Since I’ve been at Libre in Colorado, my meals have consisted of simple, vegetarian fare. One of my favorites has been variations with black beans, which seems somehow fitting in Colorado, just like wearing my boots around in the dusty terrain. (Boots never made so much sense.) The beans I’ve been making are from dried black beans and take a bit of time- mostly unattended- so I usually set them on the stove in the morning, and they’re ready for lunch or dinner. I make more than I need and then keep them in the the fridge for a few days, reheating on other occasions.
To get a bit of protein in my system, a favorite lunch has been black beans with a fried egg on top, usually sunny-side up. Accompanied with freshly sliced avocado and briefly sauteed spinach then makes for a tasty (and healthy) meal. For today’s lunch, I threw in a handful of cooked brown rice leftover from last night along with freshly cut corn and heated the whole shebang up that I served with crumbled feta on top, and the usual fried egg, sliced avocado and heirloom tomato. For dinner another night, I quickly stir fried zucchini, sweet pepper and corn, threw it on top of the beans and served it with mixed greens.
Regarding the beans- here’s the low-down. Rinse the beans first- say 2 cups or so. You don’t really need exact measurements- just eyeball a quantity that looks about like what you’ll want. (Remember, they do expand as they absorb water.) Once the beans are clean, place them in a saucepan and cover with water about 1 to 2 inches above the top of the beans. Bring to a boil. Boil for about 10 minutes, turn off the heat, cover and leave to sit for 1 to 2 hours. (OR, soak beans overnight, up to 8 hours, then you can skip this step and start at the next paragraph.)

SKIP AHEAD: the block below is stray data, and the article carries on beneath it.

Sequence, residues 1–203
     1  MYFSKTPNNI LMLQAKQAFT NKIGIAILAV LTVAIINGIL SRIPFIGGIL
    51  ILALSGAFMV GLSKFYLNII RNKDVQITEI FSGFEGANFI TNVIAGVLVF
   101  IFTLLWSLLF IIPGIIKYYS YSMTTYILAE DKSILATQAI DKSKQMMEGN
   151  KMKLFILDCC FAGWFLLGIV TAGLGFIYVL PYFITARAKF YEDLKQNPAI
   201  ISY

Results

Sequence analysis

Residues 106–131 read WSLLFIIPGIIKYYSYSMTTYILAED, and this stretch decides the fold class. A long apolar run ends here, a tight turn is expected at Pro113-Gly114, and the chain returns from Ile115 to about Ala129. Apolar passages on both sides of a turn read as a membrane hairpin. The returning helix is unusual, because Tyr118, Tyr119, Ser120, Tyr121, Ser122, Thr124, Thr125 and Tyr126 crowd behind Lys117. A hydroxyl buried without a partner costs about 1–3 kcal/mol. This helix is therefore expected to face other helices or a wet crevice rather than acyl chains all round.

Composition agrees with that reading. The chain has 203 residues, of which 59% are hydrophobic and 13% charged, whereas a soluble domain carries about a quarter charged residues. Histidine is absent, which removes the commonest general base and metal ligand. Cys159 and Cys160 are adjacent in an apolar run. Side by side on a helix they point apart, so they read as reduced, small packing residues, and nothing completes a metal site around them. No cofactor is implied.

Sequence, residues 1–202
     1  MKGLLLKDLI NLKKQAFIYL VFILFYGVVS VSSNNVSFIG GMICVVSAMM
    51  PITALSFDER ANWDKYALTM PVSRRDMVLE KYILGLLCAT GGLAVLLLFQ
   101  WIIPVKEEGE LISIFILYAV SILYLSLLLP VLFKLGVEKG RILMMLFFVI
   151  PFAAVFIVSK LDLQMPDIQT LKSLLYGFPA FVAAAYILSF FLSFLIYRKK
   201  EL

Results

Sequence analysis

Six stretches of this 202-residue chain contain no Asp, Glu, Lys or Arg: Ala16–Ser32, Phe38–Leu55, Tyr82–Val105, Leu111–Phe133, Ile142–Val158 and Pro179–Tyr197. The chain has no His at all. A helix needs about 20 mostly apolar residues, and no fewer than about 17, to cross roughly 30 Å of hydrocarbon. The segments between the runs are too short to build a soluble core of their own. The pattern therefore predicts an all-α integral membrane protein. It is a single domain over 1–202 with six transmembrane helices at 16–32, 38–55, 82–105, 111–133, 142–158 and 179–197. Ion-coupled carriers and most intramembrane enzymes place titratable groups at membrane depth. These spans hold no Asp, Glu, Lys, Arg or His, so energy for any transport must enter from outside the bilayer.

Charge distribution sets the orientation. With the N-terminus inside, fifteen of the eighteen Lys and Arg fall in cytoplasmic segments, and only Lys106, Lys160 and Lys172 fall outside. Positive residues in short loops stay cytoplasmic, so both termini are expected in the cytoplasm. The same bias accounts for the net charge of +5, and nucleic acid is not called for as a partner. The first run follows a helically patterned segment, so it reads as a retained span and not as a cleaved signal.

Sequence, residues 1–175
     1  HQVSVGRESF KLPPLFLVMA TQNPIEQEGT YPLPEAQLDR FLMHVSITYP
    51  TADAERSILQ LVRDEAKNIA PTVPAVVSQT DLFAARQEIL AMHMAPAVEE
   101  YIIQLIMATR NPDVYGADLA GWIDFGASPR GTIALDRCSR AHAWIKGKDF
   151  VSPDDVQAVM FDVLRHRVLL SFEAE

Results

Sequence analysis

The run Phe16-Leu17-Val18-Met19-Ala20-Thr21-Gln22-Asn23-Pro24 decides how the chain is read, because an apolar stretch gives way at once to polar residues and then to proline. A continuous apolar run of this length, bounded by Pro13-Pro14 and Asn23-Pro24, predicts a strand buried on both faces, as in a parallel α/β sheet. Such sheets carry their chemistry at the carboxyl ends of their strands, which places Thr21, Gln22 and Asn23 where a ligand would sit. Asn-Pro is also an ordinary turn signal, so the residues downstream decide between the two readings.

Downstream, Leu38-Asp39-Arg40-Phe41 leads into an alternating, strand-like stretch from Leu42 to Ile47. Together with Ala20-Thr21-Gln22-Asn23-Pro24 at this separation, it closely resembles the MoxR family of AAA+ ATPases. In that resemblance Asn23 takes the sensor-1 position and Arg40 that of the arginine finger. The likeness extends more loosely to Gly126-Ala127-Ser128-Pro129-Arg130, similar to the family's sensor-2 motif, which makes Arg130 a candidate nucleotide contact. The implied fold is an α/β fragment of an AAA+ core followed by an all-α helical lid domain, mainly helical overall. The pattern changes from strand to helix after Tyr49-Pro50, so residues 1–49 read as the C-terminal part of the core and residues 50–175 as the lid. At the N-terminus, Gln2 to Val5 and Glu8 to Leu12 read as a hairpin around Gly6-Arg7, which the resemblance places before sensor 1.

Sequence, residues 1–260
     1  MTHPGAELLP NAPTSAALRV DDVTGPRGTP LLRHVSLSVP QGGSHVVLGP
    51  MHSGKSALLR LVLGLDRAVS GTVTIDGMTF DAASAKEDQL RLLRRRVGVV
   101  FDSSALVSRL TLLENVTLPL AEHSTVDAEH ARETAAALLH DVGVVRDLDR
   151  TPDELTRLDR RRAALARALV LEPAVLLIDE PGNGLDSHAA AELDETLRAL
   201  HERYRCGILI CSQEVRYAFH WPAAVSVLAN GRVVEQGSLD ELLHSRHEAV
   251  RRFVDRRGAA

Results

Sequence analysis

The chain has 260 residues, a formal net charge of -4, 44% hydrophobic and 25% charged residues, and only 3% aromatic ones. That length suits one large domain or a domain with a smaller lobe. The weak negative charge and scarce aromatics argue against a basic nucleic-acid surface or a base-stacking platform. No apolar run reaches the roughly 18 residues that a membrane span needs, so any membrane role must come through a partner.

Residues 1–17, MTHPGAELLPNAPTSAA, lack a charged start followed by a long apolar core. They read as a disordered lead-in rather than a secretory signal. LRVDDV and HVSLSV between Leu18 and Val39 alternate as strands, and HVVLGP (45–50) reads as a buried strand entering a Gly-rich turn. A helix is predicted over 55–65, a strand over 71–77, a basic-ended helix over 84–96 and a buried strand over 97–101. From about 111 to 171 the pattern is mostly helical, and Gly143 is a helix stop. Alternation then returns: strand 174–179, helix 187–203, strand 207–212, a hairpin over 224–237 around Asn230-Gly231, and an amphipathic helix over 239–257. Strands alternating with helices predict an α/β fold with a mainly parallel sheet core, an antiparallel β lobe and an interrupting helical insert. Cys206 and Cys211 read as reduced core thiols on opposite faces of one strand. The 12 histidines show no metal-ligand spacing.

When the beans are starting to soften (they won’t be ready yet), drain the water, reserving about a cup of the soaking liquid. From here on out, there are many variations, but this is what I’ve been enjoying recently. In a separate pan, saute 1/2 to 1 chopped onion and a minced garlic clove or two in a little oil, depending on the amount of beans and your taste. Mix them in with the beans. Add the reserved liquid and vegetable or chicken stock- again, enough to cover the beans by an inch or two. Add a dash or two of salt, pepper, cayenne pepper, thyme. Stir well. Sometimes I add a can of diced tomatoes with juice at this point. (If I have fresh tomatoes, I wait until later. Or, I add some to cook in with the beans to add flavor and then add additional fresh tomato when serving.)
Bring to a boil, then reduce heat and begin a slow simmer, partially covered. Check beans every 15 minutes or so, and stir. The time it takes the beans to be completely softened varies, depending on the beans, altitude, etc. I’ve found I like to cook them at least an hour, sometimes as much as 2 plus hours. Keep tasting them and adding more salt and pepper along the way, as needed.
The stock/water will cook down into the beans. Add additional water if necessary, although it may not completely cook off. Once they’re done, I often keep the beans in the fridge in extra liquid which I use to reheat them later. I like to serve with chopped sweet peppers, which I’ll sometimes stir in, or serve on top. The same goes for ripe tomatoes or fresh sweet corn. You might also saute minced jalapeno to add a bit of spice.
For the amount of words it’s taken to explain, it’s actually pretty simple, although it does take a bit of pre-planning. Once they’re done, it’s great to have black beans around for a quick, tasty feast.